Researchers at the CSIRO, QIMR Berghofer Medical Research Institute and the Australian National University looked at the breath of volunteers, who had been given a controlled malaria infection as part of existing studies to develop new treatments. The research found that the levels of some normally almost undetectable chemicals increased markedly in the breath of the volunteers during the malaria infection.
Research group leader, Dr Stephen Trowell, said that it was exciting that the increase in the chemicals were present at very early stages of infection, when many other methods would have been unable to detect the parasite in the body of people infected with malaria. In addition to its potentially better sensitivity, human breath offers an attractive alternative to blood tests for diagnosing malaria.
The name malaria originally came from the Italian words for "bad air" because it was thought that the disease was caught from the foul smelling air around swamps and marshes. In an interesting twist, researchers have now detected foul-smelling compounds - albeit at levels far too low for humans to smell - in the breath of people with malaria.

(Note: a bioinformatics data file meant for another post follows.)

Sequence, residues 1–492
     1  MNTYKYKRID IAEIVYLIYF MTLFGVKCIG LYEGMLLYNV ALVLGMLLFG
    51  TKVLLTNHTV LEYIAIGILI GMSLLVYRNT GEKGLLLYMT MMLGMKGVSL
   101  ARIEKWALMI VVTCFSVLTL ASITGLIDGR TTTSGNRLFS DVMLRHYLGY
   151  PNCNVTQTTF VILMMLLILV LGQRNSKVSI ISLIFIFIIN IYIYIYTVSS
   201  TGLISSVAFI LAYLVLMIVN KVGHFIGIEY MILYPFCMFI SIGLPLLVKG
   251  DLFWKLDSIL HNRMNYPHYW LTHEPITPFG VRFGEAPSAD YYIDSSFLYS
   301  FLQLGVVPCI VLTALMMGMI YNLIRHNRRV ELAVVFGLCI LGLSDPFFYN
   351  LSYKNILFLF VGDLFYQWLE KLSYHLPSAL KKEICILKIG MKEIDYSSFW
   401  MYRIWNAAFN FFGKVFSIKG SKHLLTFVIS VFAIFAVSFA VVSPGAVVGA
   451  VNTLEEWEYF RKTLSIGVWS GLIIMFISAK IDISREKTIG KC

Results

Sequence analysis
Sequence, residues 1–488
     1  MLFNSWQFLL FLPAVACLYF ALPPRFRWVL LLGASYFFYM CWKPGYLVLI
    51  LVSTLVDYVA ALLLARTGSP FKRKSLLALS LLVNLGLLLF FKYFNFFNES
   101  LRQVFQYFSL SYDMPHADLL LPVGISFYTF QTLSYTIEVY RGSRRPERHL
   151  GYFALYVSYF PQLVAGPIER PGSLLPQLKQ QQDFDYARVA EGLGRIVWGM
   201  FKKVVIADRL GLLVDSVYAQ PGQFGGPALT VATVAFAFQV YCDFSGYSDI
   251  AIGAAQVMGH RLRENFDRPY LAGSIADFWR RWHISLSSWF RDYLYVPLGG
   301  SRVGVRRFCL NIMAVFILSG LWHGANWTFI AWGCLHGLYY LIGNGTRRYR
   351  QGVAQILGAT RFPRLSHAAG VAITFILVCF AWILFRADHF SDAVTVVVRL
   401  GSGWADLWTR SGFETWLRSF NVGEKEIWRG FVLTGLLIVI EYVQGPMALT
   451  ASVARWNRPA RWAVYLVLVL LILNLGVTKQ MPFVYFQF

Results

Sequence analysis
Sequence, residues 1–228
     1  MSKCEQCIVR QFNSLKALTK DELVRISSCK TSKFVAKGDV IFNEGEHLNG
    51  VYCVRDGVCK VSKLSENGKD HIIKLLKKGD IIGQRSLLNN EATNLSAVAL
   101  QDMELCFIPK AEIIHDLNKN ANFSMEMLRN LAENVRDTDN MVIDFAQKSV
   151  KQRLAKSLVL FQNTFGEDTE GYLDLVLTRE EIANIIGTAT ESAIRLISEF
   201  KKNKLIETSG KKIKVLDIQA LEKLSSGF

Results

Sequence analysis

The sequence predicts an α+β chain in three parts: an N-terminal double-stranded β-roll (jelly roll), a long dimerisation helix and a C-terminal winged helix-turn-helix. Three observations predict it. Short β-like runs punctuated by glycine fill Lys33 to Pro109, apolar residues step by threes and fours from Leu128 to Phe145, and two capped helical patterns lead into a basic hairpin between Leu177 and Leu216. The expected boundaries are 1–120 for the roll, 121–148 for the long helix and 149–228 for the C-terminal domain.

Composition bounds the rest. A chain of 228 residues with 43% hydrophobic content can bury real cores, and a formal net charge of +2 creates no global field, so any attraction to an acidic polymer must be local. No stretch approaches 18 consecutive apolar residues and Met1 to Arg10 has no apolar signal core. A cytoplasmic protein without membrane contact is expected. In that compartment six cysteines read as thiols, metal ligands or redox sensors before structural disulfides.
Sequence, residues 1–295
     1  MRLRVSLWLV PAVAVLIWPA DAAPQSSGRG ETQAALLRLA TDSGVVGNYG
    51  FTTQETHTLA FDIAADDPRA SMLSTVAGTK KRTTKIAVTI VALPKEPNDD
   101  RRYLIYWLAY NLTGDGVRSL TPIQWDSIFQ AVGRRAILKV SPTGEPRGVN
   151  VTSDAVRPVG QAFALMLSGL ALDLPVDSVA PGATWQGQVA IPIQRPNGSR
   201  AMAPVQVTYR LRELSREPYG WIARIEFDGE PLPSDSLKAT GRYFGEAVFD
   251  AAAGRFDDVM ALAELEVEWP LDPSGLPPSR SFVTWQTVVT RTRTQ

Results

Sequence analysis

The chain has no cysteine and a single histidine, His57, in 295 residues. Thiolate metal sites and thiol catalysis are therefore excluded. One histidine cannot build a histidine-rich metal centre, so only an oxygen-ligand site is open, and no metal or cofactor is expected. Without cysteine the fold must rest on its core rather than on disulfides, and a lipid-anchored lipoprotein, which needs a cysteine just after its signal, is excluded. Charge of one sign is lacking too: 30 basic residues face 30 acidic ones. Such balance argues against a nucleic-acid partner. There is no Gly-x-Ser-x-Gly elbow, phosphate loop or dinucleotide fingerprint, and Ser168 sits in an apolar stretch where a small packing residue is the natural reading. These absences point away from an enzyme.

Up to now, these chemicals have only been detected using very expensive, laboratory based instruments, and only in the breath of volunteers experiencing a controlled malaria infection in the clinic.
Dr Trowell added that they were collaborating with researchers in regions where malaria was endemic, to test whether the same chemicals can be found in the breath of patients. Also, they were working to develop very specific, sensitive and cheap "biosensors" that could be used in the clinic and the field to test breath for malaria.The study is published today in the Journal of Infectious Diseases.